THE ORIGIN OF THE PONTIAC GTO
The Horsepower Wars had been raging through the 1950s and continued right into the 60s. By 1963, General Motors felt it was bad for business, so they made it a policy that no mid-sized (A-body) GM car could have bigger than a 330 cubic inch engine in it. This news came just as word of Ford’s new Mustang began to leak out. Pontiac was trying to establish itself as a high-performance brand and wanted to cash in on the public’s taste for more power. The GTO was their response, and the brainchild of three talented Pontiac engineers, Russell Gee (engine specialist), Bill Collins (chassis expert) and John Z. DeLorean (chief engineer). The challenge was how to get around GM’s edict opposing big engines in midsized cars.
BREAKING THE RULES
They got around it with a clever ploy. The GTO was to be built on the mid-sized Pontiac Tempest/LeMans body, replacing the 326 cubic inch V8 with the 389 out of the full-sized Pontiac Catalina and Bonneville lines. The ploy was to make the GTO simply an option package on the Tempest that included as part of it the larger engine, along with some cool styling enhancements over the standard Tempest. Of course all of this was aimed at the newly-discovered, burgeoning ‘youth market’.
This first-year is a unique, stand-alone design. The new-for-’64 Tempest was then to be completely restyled again the following year, and of course, the GTO was based on the Tempest. It came in 3 body styles: a 2-door Coupe (with post), a 2-door Hardtop (postless), and a convertible.
The whole Tempest line, and the GTO with it, got a reskin for 1965 that included a 3 inch stretch in length and stacked headlights replacing the side-by-side quad headlights of the ’64.
Pontiac’s entire mid-sized lineup was totally restyled again for 1966 giving it a more aggressive look. The most notable difference from the 1965 is the ‘kick-up’ in the belt-line (the line where the doors meet the side glass).
Sharing the same basic body with the ’66 Tempest and GTO, there were subtle changes in styling, but the real news was under the hood, where the 389 got punched out to 400 cubes.
1968 marks the beginning of the Second Generation of GTOs, and it brought a much more rounded, aerodynamic shape, and one that would become a Pontiac trademark, along with the twin snorkel nose cone.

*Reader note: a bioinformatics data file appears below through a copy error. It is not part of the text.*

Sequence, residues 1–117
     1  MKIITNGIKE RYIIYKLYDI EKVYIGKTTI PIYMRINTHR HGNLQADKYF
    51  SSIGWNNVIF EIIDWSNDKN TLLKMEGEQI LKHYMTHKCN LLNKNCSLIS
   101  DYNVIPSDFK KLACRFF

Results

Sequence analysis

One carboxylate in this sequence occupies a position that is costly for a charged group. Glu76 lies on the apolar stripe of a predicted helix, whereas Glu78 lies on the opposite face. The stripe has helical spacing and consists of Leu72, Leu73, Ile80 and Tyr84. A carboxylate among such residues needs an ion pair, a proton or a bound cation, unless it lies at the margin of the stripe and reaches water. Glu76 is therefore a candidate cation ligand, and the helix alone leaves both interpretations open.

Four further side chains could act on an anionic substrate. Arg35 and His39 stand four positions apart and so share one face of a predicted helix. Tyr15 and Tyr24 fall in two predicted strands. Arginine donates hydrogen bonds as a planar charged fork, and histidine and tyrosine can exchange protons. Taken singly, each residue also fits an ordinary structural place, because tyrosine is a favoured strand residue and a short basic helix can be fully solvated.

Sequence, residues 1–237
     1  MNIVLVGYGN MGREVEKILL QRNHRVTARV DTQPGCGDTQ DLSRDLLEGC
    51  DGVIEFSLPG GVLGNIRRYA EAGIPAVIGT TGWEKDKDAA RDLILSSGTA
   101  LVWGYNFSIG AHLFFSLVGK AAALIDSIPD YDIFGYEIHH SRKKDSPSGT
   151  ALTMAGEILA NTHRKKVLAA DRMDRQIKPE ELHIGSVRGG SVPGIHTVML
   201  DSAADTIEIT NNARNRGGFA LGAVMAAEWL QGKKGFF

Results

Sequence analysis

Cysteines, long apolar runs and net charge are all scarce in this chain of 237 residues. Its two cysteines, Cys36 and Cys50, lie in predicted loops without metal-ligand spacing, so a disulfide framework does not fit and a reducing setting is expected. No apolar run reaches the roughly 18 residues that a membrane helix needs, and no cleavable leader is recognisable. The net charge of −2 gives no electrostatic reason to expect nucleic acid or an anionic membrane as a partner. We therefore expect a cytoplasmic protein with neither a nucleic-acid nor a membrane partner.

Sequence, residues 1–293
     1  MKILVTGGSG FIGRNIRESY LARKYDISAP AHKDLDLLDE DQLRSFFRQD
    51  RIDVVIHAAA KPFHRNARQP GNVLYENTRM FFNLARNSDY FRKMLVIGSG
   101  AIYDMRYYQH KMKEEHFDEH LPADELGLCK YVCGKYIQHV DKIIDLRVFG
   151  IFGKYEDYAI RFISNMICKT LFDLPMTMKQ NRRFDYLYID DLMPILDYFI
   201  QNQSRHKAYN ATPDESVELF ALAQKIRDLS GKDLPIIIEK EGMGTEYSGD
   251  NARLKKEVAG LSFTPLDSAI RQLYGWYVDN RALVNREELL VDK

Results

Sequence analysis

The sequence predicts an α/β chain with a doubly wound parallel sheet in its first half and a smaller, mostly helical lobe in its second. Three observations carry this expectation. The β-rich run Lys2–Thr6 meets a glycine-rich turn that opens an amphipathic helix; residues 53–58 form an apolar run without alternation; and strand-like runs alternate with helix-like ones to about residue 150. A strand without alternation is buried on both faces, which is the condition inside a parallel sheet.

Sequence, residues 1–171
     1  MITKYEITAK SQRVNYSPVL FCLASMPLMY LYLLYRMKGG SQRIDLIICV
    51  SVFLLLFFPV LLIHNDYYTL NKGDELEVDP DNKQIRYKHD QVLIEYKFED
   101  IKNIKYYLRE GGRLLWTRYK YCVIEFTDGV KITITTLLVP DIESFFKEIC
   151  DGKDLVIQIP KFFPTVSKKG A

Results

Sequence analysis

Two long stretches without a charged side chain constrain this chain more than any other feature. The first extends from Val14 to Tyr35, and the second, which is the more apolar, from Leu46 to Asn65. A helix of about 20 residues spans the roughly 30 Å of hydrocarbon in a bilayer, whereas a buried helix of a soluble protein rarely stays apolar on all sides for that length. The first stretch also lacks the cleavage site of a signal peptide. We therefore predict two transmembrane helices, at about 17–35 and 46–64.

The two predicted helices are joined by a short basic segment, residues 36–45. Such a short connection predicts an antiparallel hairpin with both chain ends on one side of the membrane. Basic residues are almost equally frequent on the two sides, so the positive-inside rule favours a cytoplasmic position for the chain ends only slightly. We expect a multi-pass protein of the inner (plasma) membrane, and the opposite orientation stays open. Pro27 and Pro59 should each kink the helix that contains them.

The most obvious visual difference between the ’68 and ’69 is the ’68 has front-side vent windows and the ’69 does not. A new option package called “The Judge” capitalized on a Sammy Davis, Jr. comedy routine on ‘Laugh In’ where he said “Here come the Judge!” The Judge was actually meant to be a bargain GTO, stripped of content, to lower the price.
The entire Tempest line, including the GTO got a major facelift that eliminated the hideaway headlights in favor of 4 exposed round headlights flared into the sculpted Endura nose.
Unfortunately, as we now know, the First Muscle Car Era peaked in 1970, but Pontiac did its best to hold on to what muscle it could, continuing to produce several hot 400s and a 455.
The taming down process was starting to take its hold as horsepower waned. The GTO ceased to be a stand-alone model, and went back to being an option package on the Pontiac Tempest, just like it was in 1964 when it all got started.
For the third year in a row, the Tempest/LeMans & the GTO got a new body, longer & wider than the last, introducing the new “Coke bottle-shape”. A new interior, and lots of new features & options, the coolest of which was the hood-mounted tach.
The last year of the First Generation. The 389 gets punched out to 400 cubes, the Tri-Power goes away, and smog & safety equipment arrive for the first time. All in all, the 1967 GTO still has the magic.
The first year of the 2nd generation, in keeping with GMs big move away from boxy, sharp-edged designs, was much more rounded and aerodynamic. The one-piece Endura impact-resistant nose was new, and would become a Pontiac trademark.
Another great year for “The Great One”. The top engine is now the 400 Ram Air IV with a ‘claimed’ 370 hp, but that was probably understated. For the first time, GTO sales exceeded those of both the Chevy Chevelle SS & the Plymouth Road Runner.
Yet another facelift. Unleaded gas forces an across-the-board drop in compression & horsepower takes a nose-give. Ram Air III & IV are gone. Judge hangs on briefly then disappears. 455 H.O. is the only ray of sunshine.